Tracey Thorn: Tinsel and Lights – album review

Tracey Thorn – Tinsel and Lights (Strange Feeling)
DL / CD / LP
Available now

How’s your festive cheer coming on? Are you counting down the sleeps until Santa arrives or are you lacking in Christmas spirit? 

Tracey Thorn’s new album manages to capture the spirit of the season without turning into a schmaltzy selection of Christmas classics.

Christmas. Apparently some people adore it. Most people, I suspect, have a love/hate relationship with it. In truth, Christmas is a fantasy – how often have your holiday seasons been taken in front of a roaring fire, with snow feet deep outside, and smiling children and relatives you never argue with?

It’s also the time of year when every money grubbing X-Factor fuck looks to cash in on the fact that most punters are too pissed to care what music they buy. So what, in Santa’s name, is Tracey Thorn, erstwhile member of that wonderful band Everything But The Girl, doing releasing a Christmas album?

Thankfully, this is not a vanity project full of Christmas standards; indeed, a couple of the tracks don’t even mention Christmas.. In many ways, Tinsel and Lights, isn’t actually about Christmas, more about the darkness of winter and how we create a celebration, with tinsel and lights, in the bleak middle of it.

Tinsel and Lights is a metaphor for human hope in the face of that darkness and cold. Thorn selects her songs carefully, and self-pens two (‘Joy’, ‘Tinsel, and Lights’), to create an atmosphere over the whole album An atmosphere of yearning, longing, loneliness, but all set against the hope that makes us human. As she sings on ‘Joy’: “We must be alright if we can make up Christmas night.”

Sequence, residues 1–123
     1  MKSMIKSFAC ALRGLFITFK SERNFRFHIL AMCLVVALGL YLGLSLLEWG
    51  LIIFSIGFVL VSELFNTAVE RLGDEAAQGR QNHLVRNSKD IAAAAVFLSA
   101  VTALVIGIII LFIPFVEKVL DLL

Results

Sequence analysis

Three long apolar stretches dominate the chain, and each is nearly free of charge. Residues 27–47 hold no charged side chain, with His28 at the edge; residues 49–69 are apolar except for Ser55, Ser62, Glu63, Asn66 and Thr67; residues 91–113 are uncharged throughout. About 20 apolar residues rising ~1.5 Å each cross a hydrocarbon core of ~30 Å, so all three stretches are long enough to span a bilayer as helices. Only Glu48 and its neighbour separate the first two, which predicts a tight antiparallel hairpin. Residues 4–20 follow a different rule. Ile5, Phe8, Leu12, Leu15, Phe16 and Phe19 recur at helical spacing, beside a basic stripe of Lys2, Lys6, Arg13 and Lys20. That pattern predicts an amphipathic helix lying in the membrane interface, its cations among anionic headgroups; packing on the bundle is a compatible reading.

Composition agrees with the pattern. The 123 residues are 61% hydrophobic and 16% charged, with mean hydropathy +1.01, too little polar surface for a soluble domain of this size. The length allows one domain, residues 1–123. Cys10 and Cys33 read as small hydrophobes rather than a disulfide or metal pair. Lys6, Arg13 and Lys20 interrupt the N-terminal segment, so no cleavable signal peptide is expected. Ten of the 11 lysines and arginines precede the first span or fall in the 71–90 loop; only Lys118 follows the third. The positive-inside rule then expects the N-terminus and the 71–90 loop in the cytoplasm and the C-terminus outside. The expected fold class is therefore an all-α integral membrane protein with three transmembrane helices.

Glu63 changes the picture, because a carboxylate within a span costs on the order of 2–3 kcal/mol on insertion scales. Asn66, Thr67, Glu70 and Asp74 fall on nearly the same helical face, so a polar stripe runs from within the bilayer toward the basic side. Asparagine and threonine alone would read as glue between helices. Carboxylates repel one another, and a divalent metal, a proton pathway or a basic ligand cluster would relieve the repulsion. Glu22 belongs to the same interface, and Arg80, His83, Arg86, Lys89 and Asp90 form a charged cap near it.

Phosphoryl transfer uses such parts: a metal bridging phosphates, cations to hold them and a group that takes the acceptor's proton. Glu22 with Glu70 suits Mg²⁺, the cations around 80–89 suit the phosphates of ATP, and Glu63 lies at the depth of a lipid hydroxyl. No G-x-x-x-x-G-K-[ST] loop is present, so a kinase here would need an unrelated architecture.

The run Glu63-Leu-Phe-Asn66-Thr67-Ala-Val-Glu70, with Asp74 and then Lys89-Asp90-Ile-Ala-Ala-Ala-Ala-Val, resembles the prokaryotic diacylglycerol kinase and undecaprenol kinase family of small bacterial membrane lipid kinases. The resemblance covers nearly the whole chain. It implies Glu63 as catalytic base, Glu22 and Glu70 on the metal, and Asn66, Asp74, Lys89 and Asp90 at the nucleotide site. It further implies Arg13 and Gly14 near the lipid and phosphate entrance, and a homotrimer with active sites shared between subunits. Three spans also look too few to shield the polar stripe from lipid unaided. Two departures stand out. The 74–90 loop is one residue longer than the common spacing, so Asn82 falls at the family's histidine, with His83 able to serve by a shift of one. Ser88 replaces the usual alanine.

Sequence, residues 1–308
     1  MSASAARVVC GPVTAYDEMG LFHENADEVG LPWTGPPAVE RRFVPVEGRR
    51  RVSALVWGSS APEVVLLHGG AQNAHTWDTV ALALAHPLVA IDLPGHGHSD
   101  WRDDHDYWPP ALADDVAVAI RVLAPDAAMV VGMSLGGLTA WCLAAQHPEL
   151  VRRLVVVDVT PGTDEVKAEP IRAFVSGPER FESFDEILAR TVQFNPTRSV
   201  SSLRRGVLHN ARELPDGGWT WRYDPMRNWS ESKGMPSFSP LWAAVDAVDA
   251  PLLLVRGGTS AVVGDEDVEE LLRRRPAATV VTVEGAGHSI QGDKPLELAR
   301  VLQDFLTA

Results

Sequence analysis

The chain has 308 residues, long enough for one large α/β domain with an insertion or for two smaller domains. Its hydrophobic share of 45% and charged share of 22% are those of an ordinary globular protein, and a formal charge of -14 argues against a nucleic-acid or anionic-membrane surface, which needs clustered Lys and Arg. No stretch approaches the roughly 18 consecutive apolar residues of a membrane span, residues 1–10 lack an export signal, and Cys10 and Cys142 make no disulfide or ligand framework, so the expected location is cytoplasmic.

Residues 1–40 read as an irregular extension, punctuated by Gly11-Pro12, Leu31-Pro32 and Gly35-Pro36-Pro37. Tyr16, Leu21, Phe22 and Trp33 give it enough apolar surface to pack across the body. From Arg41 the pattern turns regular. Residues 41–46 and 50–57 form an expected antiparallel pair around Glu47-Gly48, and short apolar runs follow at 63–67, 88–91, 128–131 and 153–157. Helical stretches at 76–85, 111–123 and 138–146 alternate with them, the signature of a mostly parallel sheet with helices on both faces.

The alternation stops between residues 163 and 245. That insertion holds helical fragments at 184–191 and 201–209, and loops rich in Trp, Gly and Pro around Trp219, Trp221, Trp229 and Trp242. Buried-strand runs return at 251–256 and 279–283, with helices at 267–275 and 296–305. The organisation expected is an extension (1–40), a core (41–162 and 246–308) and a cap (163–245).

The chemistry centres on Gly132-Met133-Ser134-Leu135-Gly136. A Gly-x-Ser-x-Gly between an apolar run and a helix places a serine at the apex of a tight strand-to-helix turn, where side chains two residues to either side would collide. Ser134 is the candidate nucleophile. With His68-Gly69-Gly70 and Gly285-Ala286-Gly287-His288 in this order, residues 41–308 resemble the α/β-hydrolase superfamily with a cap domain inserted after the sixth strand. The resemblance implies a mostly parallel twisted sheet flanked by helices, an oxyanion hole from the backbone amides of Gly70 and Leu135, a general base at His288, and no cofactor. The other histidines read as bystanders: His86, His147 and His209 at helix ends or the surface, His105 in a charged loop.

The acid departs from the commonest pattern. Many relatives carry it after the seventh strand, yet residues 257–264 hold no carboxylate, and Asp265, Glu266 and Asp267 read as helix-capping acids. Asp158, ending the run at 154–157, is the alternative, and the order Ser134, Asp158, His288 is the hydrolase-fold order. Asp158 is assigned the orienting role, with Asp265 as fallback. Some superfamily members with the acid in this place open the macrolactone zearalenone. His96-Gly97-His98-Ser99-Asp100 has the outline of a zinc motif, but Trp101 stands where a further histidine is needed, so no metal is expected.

There’s a great version of Jack White’s ‘In the Cold, Cold Night’ and Joni Mitchell’s ‘River’. The latter is sung pitch perfectly by Thorn with a backing track that sounds like a northern colliery band. The one song that seems to be a concession to the Christmas standard is ‘Have Yourself a Merry Little Christmas’. But even here, with Thorn’s longing voice, it fits perfectly the theme of hope in the darkness.

The album ends with Sufjan Stevens’ ‘Sister Winter’ that has chords as brittle as ice. The refrain is ‘My Heart Is returned to Sister Winter’, which resolves itself to the ‘I’ve Returned to wish you a happy Christmas’.

If you want a Christmas album without the schmaltz and the fantasy, then this has everything but the sanity claus. Recommended for the dark, winter nights.

All words by Mark Ray. You can read more from Mark on LTW here.

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